November 20, 2020 11:20:23 AM
On Nov. 26,1621, the settlers of Plymouth Colony and members of the Wampanoag Indian Tribe met to celebrate the first Thanksgiving, or so the story goes.
The Indians brought venison, turkey, rabbit, fish and corn. I suppose the Pilgrims' contribution was the utensils, along with smallpox, bubonic plague, chickenpox, cholera, the common cold, diphtheria, influenza, malaria, measles, scarlet fever, typhoid, and various other diseases for which the Indians had no immunity.
A mask mandate would have been a pretty good idea, in retrospect.
There is no historical record that the groups made this an annual event, though, and I'm not at all surprised, especially where the Wampanoag folks were concerned.
While the historical record does agree that the two groups did indeed break bread together, there is no mention of the event being called a Thanksgiving celebration, either. It almost certainly would not have been a religious holiday since religious holidays among the Pilgrims were solemn occasions, often including fasting. The Pilgrims were, by and large, a pretty austere group.
It would be far more accurate to date the origin of the holiday to either 1789 by proclamation of President George Washington or 1870, when Congress made it a federal holiday.
But it's not a lot of fun drawing pictures of proclamations or Congress, so the Pilgrim story does provide a creative outlet for kids.
The idea that the Pilgrims' story is largely a myth probably enrages folks like Gov. Tate Reeves, who embrace every "white people as the good guys" narrative available, even when they don't line up with accuracy. But I doubt the Pilgrims would be very disappointed not to be credited with the first Thanksgiving. After all, they didn't even celebrate Christmas in their religious sect.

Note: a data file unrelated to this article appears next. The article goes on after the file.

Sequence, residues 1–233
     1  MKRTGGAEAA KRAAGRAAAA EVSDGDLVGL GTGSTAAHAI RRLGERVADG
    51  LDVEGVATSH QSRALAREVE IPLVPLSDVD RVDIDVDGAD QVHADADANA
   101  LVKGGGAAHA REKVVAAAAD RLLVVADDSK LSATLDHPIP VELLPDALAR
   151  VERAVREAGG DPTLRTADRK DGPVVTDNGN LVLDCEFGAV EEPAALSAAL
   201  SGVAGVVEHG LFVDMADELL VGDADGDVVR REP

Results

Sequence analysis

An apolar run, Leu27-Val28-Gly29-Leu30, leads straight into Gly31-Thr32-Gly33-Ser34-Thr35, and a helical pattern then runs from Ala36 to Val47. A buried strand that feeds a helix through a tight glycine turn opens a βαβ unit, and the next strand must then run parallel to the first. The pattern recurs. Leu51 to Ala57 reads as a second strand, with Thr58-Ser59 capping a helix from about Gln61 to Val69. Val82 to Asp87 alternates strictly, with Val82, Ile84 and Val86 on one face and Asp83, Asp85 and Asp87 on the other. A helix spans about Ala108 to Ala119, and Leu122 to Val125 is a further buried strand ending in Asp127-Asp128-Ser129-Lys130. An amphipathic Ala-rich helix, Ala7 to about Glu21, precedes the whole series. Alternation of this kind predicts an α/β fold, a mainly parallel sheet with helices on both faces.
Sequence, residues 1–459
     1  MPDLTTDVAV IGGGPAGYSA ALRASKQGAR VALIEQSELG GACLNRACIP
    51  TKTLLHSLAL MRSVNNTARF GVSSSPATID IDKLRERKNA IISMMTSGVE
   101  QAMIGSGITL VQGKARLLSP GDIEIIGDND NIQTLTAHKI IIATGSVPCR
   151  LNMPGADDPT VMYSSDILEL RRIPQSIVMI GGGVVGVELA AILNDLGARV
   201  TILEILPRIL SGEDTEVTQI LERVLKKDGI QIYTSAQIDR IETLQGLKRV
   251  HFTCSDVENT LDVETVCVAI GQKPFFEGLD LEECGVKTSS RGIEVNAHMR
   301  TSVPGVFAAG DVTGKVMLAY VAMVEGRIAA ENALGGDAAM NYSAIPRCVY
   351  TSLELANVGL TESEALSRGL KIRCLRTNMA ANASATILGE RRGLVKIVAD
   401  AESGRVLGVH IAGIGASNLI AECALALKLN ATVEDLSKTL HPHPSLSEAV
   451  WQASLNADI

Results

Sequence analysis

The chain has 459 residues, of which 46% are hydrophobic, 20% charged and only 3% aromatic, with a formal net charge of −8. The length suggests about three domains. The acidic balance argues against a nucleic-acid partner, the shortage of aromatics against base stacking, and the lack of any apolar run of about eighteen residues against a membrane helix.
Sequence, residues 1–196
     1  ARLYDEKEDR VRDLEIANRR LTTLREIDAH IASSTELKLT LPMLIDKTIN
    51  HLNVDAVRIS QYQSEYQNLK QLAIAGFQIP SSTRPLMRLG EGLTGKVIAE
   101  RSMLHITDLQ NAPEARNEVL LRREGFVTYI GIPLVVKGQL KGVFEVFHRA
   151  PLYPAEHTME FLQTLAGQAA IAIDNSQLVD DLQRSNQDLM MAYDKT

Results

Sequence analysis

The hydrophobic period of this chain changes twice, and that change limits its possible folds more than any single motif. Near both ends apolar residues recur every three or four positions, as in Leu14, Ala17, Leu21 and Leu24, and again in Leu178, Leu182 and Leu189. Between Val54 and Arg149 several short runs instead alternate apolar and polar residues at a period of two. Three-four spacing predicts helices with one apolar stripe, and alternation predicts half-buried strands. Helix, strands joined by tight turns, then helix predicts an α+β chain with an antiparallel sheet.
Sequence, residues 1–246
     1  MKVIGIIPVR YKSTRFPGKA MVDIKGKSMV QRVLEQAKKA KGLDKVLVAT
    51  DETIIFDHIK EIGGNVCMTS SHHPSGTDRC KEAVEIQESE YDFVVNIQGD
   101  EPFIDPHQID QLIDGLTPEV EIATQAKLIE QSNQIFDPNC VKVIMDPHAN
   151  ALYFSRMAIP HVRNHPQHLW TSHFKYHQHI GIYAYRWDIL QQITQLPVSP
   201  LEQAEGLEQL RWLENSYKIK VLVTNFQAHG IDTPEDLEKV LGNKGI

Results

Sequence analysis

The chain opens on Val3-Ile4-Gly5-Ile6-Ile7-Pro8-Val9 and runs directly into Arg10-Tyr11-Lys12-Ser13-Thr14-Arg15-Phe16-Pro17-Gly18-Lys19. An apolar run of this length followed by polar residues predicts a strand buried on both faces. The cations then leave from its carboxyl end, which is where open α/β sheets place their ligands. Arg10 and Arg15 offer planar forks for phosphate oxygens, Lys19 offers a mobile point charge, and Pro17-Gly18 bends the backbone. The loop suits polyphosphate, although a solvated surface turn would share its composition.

Historical history in no way diminishes the importance of Thanksgiving, of course. To set aside a day each year to reflect on our blessings and good fortune is a healthy exercise. A spirit of thankfulness never produces harm, that's for sure. Given the toll COVID-19 has taken on us, pausing to consider the good things we have helps maintain our spirits under these difficult circumstances.
Now, almost 400 years after the Pilgrims and Wampanoag Indians, we are told gathering in large groups for our Thanksgiving celebrations carries with it considerable risks.
Last week some of the state's top health officials urged us to forego our normal Thanksgiving celebrations, confining them to those to members of our own household so as not to spread the coronavirus to those family members who are most vulnerable to the worst outcome of the disease.
The experts painted a bleak portrait of what failing to heed that advice might mean.
"You're going to have a lot of sick folks who caught (COVID-19) during Thanksgiving," said Dr. Thomas Dobbs, the state health officer. "We know this is the perfect milieu, having young folks and old folks and folks with chronic illness around the table -- and then death."
Dr. Mark Horne, president of the state's medical association, put it in graphic terms: "We don't really want to see Mamaw at Thanksgiving and bury her by Christmas," Horne said. "You're going to say hi at Thanksgiving, it's so nice to see you, and you're either going to be visiting her by Facetime in the ICU or planning a small funeral by Christmas."
Given those dire predictions, the prudent course of action would be to avoid the typical large gathering of family and friends this Thanksgiving.
Keep it simple. Keep it safe.
Thanksgiving, as well as Christmas, comes along every year - but only if you are alive to celebrate them.
Slim Smith is a columnist and feature writer for The Dispatch. His email address is [email protected]
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